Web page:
Plutocracy down through the years: Mitt Romney says his effective federal tax rate is close to 15 percent.
That means he pays roughly 15 percent of his income in combined federal income and payroll taxes. Our side is going to wail about that. But upon reflection, this is a fact about the federal tax system more than it is about Romney.
How can people of such wealth pay so little in federal taxes? In this morning’s New York Times, David Kocieniewski tells the familiar story:
KOCIENIEWSKI (1/18/12): The effective federal income tax rate paid by the wealthiest Americans has dropped significantly during the last several decades, largely because of tax cuts on investment income.Under the GOP’s sainted Reagan, wealthy people paid 28 percent on capital gains; that matched the top rate on salaries and wages. But a quarter century later, the rate on capital gains stands at 15 percent—and the top rate on salaries and wages has risen to 35! Since Romney gains his income the old-fashioned way, he pays around 15 percent.
The last major overhaul of the tax code, signed by President Ronald Reagan in 1986, set tax rates on capital gains at the same level as the rates on ordinary income like salaries and wages, with both topping out at 28 percent. But that link was uncoupled by his successor, President George Bush, and the rates on capital gains were reduced by President Bill Clinton. President George W. Bush then lowered the rates on capital gains and dividends to a high of 15 percent—less than half the 35 percent top rate on ordinary income.
Our side is going to wail about this, but it isn’t mainly a fact about Romney. Kocieniewski recalls the complaint of one of our own side’s new saints:
KOCIENIEWSKI: One outspoken critic has been Warren E. Buffett, a billionaire himself. Mr. Buffett stirred debate about the issue last year when he wrote an opinion article for The New York Times stating that the low rates for investment income had allowed him to pay only about 17 percent of his income in federal taxes, less than the effective rate paid by his secretary or any of the other 19 workers in his office.Liberals salute Buffett for speaking out—but in practice, he is paying the same low rates paid by Candidate Romney. That’s the rate these men are required to pay under our plutocrat-friendly tax laws. And yes, the changes in those laws have helped those who need help the least:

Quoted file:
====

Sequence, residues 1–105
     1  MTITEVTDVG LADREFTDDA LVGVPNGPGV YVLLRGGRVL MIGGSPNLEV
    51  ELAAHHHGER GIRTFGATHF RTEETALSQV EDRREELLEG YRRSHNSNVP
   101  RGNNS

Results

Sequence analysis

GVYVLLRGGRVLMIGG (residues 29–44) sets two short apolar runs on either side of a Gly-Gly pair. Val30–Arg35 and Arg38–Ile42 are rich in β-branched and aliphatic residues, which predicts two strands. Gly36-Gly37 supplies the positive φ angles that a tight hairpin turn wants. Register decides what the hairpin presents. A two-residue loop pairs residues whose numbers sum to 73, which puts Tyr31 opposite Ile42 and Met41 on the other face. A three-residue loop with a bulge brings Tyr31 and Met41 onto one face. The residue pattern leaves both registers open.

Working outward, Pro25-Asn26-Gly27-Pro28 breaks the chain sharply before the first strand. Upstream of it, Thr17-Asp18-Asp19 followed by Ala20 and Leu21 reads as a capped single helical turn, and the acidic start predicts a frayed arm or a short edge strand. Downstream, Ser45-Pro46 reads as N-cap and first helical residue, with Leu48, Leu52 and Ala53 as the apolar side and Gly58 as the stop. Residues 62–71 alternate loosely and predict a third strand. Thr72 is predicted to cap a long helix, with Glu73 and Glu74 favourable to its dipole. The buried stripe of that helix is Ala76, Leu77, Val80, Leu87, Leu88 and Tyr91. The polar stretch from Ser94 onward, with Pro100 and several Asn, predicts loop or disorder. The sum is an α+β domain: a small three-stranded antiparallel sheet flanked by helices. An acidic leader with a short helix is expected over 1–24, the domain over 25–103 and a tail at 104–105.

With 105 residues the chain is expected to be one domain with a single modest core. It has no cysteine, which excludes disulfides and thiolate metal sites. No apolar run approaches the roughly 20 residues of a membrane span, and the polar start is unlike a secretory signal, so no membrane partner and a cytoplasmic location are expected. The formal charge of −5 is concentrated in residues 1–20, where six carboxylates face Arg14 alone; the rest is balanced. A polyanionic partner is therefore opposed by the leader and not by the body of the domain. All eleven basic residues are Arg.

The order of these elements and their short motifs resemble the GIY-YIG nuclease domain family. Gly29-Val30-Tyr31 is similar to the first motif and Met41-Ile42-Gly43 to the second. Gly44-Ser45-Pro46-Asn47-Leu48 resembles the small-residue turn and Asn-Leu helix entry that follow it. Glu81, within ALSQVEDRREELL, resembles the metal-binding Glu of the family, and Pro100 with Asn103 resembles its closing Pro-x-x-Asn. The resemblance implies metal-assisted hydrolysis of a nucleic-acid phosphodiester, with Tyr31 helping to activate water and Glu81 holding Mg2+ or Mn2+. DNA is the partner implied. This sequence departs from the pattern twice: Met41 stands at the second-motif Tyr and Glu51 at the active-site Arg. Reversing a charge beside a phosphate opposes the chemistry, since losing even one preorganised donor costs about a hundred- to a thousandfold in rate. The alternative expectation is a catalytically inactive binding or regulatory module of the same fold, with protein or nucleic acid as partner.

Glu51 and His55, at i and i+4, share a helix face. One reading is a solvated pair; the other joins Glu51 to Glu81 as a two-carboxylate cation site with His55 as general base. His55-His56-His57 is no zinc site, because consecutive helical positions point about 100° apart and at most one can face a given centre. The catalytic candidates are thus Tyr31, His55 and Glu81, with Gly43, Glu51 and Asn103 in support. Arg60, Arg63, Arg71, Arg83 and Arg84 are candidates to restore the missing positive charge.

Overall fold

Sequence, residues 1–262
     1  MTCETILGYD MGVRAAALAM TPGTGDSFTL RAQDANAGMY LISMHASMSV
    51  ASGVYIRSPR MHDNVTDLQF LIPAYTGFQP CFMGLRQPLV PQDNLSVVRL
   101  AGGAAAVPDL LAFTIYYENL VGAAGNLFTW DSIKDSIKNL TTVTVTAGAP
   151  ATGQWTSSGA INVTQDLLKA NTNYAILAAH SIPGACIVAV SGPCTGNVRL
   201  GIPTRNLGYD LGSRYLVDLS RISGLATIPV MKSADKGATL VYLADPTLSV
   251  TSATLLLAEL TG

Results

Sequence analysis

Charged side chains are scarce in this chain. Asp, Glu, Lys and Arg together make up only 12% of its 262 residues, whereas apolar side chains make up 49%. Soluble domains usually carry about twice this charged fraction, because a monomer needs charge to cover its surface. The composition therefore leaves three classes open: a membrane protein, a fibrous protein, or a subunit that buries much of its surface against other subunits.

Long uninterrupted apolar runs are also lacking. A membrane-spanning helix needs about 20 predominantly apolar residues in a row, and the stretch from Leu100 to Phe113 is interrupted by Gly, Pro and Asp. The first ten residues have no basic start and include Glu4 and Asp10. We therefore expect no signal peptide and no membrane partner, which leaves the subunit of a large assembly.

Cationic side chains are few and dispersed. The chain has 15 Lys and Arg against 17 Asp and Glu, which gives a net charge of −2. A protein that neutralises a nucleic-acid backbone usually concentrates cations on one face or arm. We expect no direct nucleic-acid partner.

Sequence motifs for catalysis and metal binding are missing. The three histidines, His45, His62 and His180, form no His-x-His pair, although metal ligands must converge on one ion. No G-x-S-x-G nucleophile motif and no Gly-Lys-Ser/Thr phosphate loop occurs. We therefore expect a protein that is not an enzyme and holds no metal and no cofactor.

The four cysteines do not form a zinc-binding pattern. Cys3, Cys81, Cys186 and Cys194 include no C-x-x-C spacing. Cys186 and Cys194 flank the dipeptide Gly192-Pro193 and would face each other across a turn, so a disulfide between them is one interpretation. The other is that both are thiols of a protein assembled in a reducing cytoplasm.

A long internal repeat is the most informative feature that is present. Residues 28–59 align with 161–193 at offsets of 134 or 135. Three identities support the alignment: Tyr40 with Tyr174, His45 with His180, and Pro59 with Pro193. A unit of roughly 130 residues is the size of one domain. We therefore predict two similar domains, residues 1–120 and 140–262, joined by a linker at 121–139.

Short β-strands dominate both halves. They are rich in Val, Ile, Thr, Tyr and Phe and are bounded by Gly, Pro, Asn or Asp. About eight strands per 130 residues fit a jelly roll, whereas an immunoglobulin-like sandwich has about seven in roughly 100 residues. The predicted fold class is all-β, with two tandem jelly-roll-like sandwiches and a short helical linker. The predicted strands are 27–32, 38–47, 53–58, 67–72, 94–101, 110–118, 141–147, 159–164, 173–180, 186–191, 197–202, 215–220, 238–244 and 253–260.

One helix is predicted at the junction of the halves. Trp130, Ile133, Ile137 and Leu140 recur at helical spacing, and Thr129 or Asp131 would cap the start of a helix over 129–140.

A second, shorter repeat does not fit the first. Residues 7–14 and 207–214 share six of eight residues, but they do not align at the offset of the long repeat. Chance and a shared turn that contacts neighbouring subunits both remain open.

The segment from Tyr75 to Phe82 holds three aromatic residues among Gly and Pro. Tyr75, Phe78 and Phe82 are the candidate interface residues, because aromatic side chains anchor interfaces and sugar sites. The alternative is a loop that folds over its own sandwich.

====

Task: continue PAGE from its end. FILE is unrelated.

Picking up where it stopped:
“Between 1985 and 2008, the wealthiest 400 Americans saw the percentage of their income paid in federal income taxes drop from 29 percent to 18 percent,” Kocieniewski writes. He notes that this drop in effective tax rate has been caused, in large part, by the change in these laws.
It has been a good era for plutocrats! Romney’s tax rate provides a new way to explain this situation to voters. Most likely, our side will screech and wail about his vile ways—and do little more. The chance to create a larger understanding may get lost in the partisan clatter.
Almost everything does.
One final question: Why do Warren Buffett’s employees pay a higher tax rate than he does? In an accompanying report by Nicholas Confessore, a graphic shows that people in the middle income quintile pay an effective federal tax rate of 12.7 percent on average. People in the fourth quintile—average income, $94,100—pay an effective federal tax rate of 15.7 percent.
Why do Buffett’s employees pay more than he does? If Buffett pays around 17 percent, why the heck is his secretary paying more?
In a political culture defined by partisan yelling, have you ever seen anyone help you understand that?
In our view: In our view, Confessore’s front-page report includes several bits of anti-Romney snark, including one bit of snark which appears quite early on. Can you spot these pieces of snark? Do you think they qualify as news? Do you think they should be in a news report?
We don’t. But this is easier, and more fun, than it would be to report Romney’s conduct at Bain, which the Times still hasn’t much done.
Have you seen Rachel complain about that? No—and you never will. You are hustled right to the ends of the earth. For one result, just check the scoreboard:
Ronald Reagan 28, George W. Bush 15